The fourth Gospel is considered a primer on the essential basics of Christianity. In the book of John, Christ is clearly and pre-eminently exalted as deity. In simple (yet profound) terms, Jesus is set forth so that all may believe He is indeed the Son of God. Hopefully, this lesson, which provides a bird’s-eye view of the 21 chapters in John, will help all of us realize eternal life begins with Christ.
I remember Mom crying a lot and Dad reminding, “Don't forget where you come from son and don't forget to call.” He told me that they would always love me and trust me to be faithful to God now that I'm away from home.
Dr. Luke, Paul’s travelling companion, was probably the only Gentile writer of any part of the New Testament. His Gospel focuses on providing a complete account of the life of Jesus. Certainly, none of the other three evangelists gave us a more detailed or descriptive analysis of the Saviour’s birth, childhood, and manhood.
Although the shortest of the four Gospels, the book of Mark wastes no words portraying the Saviour as a servant to others. The tone is practical, which appealed to the Roman mindset. We want to observe the Servant at work in this account of His life, noticing especially how clearly the key verse of the book (Mark 10:45) outlines the two major phases of His earthly existence and ministry.
God is more concerned about our hearts and our being, more than He is about our doing—who we are as opposed to what we do. That sounds pretty radical.
Matthew, a tax collector by trade, wrote his book to emphasize Christ, the King. The book includes numerous facts and expressions, which would have appealed to the Jewish reader. The fulfillment of Old Testament prophecies and the presentation of Jesus as Messiah are clearly emphasized. When we understand the book of Matthew we bow before King Jesus, the promised Messiah of Israel.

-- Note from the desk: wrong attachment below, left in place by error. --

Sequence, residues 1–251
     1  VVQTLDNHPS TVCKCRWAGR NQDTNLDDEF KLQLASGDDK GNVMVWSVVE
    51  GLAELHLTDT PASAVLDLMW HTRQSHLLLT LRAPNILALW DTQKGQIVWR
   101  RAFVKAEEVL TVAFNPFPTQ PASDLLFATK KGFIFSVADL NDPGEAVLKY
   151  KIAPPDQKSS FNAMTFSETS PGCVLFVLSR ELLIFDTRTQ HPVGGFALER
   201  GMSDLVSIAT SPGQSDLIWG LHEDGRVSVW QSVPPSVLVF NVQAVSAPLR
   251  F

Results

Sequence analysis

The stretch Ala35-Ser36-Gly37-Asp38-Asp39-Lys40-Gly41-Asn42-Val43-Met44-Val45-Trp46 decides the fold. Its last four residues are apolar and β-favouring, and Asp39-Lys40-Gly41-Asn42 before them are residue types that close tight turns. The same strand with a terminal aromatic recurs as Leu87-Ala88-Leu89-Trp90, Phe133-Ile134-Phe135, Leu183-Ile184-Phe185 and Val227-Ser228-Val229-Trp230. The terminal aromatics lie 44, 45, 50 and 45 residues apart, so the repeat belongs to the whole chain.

I want to pass along some thoughts by way of four simple reminders. Let's call them “commandments,” which apply to anyone graduating—as well as to those of us who graduated years ago.
We now begin the second phase of our safari through Scripture. Our desire is to see all 27 books as a whole—to see how they fit together, how they relate to us, and the value of each section to the person who reads and believes the Bible. Of special interest is the “flow” of thought carried through these books and letters of the New Testament.
Good or bad things can be stressors therefore stress is unavoidable. Anything that stresses one aspect of our being affects our total being.
All of us need heroes to inspire and challenge us to live authentic lives of integrity. Centuries ago, one such hero of integrity kept himself afloat in the swamps of ethical compromise. His name was Daniel, and he serves as an example of authenticity for us to become heroes in our own generation. A life well lived not only inspires others but also results in great rewards both in this world and in the world to come.